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Cultivating the Garden After Heavy Rains

Cultivating the Garden Area

The overall reason for cultivating the garden area is to improve the soil for the next crop planting. Cultivating the garden allows you to break up the soil surface to enhance better penetration of water, air, and nutrients in the soil that plants need access to for all stages of growth. Penetrating air will improve the micro-organisms in the soil structure and increase soil nutrients plant growth in all stages of life. Another advantage of cultivating the garden is it makes it easier for newly germinated seeds to come up in the soil surface. Although it does bring weed seeds to the top of the soil it will also pull young seedlings to the soil surface and if left exposed they will die off. The most important reason for reducing weed germination is the decrease in competition between weeds and plants for nutrients and water. The importance of suppressing weeds is so the plants do not have to fight for the water and nutrients that they need to grow in the vegetable garden. Cultivating the garden area will allow for easier workable soil and an increase of healthier and productive crops in the vegetable garden.

Reasons to Cultivate After Heavy Rainfalls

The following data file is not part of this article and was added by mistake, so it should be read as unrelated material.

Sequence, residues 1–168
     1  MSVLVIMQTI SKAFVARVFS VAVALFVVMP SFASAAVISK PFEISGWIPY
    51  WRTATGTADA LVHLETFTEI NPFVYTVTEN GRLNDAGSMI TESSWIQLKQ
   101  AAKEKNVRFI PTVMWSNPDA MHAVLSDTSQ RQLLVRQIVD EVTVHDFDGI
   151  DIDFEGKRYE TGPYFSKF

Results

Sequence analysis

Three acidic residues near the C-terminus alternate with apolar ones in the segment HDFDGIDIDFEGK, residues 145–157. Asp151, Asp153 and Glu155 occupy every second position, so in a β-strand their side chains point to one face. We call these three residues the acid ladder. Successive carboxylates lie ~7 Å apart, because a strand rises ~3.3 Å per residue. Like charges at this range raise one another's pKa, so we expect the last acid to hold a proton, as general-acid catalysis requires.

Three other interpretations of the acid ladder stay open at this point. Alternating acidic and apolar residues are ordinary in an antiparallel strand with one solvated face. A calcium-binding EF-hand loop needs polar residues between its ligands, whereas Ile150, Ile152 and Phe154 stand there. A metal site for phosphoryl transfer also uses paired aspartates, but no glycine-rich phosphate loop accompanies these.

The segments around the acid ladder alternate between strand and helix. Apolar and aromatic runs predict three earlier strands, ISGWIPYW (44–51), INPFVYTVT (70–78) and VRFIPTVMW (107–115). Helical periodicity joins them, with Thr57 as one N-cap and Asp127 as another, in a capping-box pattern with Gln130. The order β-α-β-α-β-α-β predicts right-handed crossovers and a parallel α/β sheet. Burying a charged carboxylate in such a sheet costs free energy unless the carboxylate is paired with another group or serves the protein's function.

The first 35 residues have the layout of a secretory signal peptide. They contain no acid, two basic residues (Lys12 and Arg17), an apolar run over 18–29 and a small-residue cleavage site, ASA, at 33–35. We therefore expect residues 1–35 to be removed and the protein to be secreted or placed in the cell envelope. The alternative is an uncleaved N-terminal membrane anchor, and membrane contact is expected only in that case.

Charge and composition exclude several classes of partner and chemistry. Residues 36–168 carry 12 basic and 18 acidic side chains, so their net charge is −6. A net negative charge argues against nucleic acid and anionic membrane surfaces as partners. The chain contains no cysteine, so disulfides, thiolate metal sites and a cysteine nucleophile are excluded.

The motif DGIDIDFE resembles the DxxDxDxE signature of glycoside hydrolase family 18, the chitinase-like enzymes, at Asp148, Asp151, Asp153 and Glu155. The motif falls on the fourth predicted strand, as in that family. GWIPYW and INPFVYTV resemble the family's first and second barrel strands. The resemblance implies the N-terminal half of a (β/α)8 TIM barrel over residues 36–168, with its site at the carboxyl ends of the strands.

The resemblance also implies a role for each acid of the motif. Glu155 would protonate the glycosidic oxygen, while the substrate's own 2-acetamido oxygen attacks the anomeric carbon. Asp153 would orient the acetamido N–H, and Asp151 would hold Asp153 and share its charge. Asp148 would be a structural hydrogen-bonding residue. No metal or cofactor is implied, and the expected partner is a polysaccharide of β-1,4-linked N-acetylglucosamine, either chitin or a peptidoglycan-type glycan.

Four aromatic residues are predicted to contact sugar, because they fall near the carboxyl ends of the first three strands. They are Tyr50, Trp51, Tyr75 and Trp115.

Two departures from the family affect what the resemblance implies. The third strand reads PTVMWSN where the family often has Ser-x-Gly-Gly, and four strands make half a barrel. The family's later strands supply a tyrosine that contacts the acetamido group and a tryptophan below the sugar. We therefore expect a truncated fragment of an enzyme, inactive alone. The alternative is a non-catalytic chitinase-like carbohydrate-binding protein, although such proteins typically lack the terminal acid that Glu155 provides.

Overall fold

On this week's episode, Travis discusses how to cultivate the garden area after a heavy amount of rainfall. After heavy rains, typically your soil is leveled out and packed down in the garden. This can cause an issue with weed control and soil crusting. With flattened or compacted soil this will increase weed germination because of the amount of moisture that is in the soil. We recommend keeping the top couple of inches cultivated to avoid those weeds germinating. The second reason for cultivating the soils after heavy rain is to avoid soil crusting. Even in sandy loam soils if we let the soil sit for several days we will get crusting on the top of the soil that will make it harder to cultivate for the garden rows. So in order to prevent weed germination and soil crusting we should begin cultivating the garden as soon as we can after the hard rainfall. Travis's general rule of thumb when determining when it's safe to cultivate in the garden is by stepping out into the garden and if his feet don't sink in the soil it's ready to cultivate. The preferred tool he likes to use for cultivating after heavy rain is the Single Wheel Hoe with three cultivator teeth. This makes it easy to just go along the garden rows and scratch the soil and break up the soil crust. Cultivating the first couple of inches of soil will also help to aerate the soil and let it dry out better so the garden doesn't stay wet for a prolonged period of time. We prefer to use the wheel hoe to cultivate after heavy rains over a tiller or tractor because it is lightweight, strong, and more manageable. We avoid frequent use of the tiller in the garden because it can destroy our soil structure and increase our weed germination. In order to maintain a healthy soil structure in the garden, we avoid frequent use of the tiller to help from disrupting and compacting the soil. The increase of weeds is because when tilling the soil we flip the bottom soil over and allow for weed seeds to be exposed and obtain moisture to germinate in the vegetable garden. Overall, cultivating the garden after a lot of rain will ensure that you maintain weed control and keep your soil surface workable in the future.